In three related adoption proceedings pursuant to Domestic Relations Law article 7, the biological father appeals from an order of the Family Court, Suffolk County (Tarantino, J.), dated October 27, 2008, which, after a hearing, granted the joint application of the biological mother and Gregory Q., the prospective adoptive father, to dispense with the necessity of obtaining his consent to the adoptions.
Published by New York State Law Reporting Bureau pursuant to Judiciary Law § 431.
This opinion is uncorrected and subject to revision before publication in the Official Reports.
WILLIAM F. MASTRO, J.P., RUTH C. BALKIN, ARIEL E. BELEN and CHERYL E. CHAMBERS, JJ.
(Docket Nos. A-215-08, A-216-08, A-217-08)
ORDERED that the appeal is dismissed, without costs or disbursements, and the order is vacated.
The prospective adoptive father, along with his fiancee, the petitioner, Theresa G., who is the biological mother of the three subject children, commenced the instant adoption proceedings on August 13, 2008. Unfortunately, on August 27, 2008, the prospective adoptive father died. Notwithstanding the request of the biological mother that the proceedings continue in the absence of the prospective adoptive father, and the Family Court's determination, after a hearing, to dispense with the necessity of the biological father's consent to the adoptions, the proceedings abated as a matter of law upon the death of the prospective adoptive father (see Matter of Male Infant L., 282 AD2d 534, 534-535; Matter of Mazzeo, 95 AD2d 91, 93; Matter of D.S., 160 Misc 2d 331, 332).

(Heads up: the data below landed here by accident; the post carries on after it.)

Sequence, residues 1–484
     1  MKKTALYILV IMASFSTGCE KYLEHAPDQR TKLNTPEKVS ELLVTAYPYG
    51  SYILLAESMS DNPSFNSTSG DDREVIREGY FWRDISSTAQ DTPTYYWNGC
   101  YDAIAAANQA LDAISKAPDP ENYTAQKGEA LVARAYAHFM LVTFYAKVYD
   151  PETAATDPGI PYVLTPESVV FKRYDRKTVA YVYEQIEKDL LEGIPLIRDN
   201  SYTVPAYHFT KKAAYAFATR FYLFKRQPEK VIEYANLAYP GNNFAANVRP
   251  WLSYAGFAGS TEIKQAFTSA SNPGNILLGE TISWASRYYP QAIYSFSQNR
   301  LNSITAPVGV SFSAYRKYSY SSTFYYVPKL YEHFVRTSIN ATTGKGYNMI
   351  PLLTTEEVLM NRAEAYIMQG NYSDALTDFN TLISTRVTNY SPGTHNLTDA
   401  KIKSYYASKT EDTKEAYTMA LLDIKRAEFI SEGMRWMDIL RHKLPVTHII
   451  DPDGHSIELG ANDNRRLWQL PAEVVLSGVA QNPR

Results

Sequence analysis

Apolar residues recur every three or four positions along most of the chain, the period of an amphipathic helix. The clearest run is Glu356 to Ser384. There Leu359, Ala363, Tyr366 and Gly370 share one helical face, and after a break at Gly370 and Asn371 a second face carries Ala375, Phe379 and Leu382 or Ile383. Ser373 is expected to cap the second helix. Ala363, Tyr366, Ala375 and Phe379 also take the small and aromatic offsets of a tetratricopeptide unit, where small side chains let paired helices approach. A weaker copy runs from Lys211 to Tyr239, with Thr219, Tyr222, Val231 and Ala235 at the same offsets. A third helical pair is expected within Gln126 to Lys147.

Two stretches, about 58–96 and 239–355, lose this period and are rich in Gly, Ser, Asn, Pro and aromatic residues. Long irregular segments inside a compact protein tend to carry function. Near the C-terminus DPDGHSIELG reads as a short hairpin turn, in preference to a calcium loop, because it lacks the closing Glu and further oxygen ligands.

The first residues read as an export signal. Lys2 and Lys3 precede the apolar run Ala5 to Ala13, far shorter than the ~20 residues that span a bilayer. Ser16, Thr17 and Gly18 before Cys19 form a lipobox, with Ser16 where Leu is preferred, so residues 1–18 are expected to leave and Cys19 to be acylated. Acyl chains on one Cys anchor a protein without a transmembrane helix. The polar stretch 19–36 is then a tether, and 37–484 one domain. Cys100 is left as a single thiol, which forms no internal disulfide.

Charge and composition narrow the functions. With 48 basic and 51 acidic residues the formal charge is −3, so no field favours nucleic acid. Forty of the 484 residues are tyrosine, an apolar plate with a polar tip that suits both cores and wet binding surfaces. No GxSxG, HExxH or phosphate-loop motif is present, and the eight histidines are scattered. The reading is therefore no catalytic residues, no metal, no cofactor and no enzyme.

"The fundamental purpose of an adoption is to establish the relationship of parent and child between living human beings. The proceeding is distinctly personal in nature and, therefore, abates upon the death of either the adoptive parent or the child" (Matter of Freud, 69 Misc 2d 906, 907). "[T]he plain language of Domestic Relations Law article 7, which must be strictly construed as it is in derogation of common law (see Matter of Jacob, 86 NY2d 651), demonstrates that only a person who is capable of acquiring the rights and responsibilities of a parent may adopt another person (see Domestic Relations Law § 110). A deceased person does not fit within that category (see Matter of Mazzeo, 95 AD2d 91; Matter of D.S., 160 Misc 2d 331; Matter of Freud, 69 Misc 2d 906)" (Matter of Male Infant L., 282 AD2d at 534-535).
Where, as here, the surviving petitioner, in effect, seeks a final order of adoption nunc pro tunc, "such an order is not recognized in this State" (id. at 535; see Matter of D.S., 160 Misc 2d at 332), any such order that is issued is a nullity, and the proceeding is "beyond the statutory jurisdiction of the court" (Matter of D.S., 160 Misc 2d at 332).
Accordingly, the appeal from the order dated October 27, 2008, must be dismissed, and that order must be vacated as a nullity. Our determination is without prejudice to any pending or future Surrogate's Court proceeding for the probate or administration of the estate of the decedent, in which the surviving petitioner may allege and submit proof tending to show an equitable adoption of her children for the purpose of making a claim to a portion of the decedent's estate (see Matter of Baby Boy C., 84 NY2d 91, 102; Matter of Mazzeo, 95 AD2d at 93).
In light of the foregoing, we do not reach the parties' arguments on appeal.
MASTRO, J.P., BALKIN, BELEN and CHAMBERS, JJ., concur.
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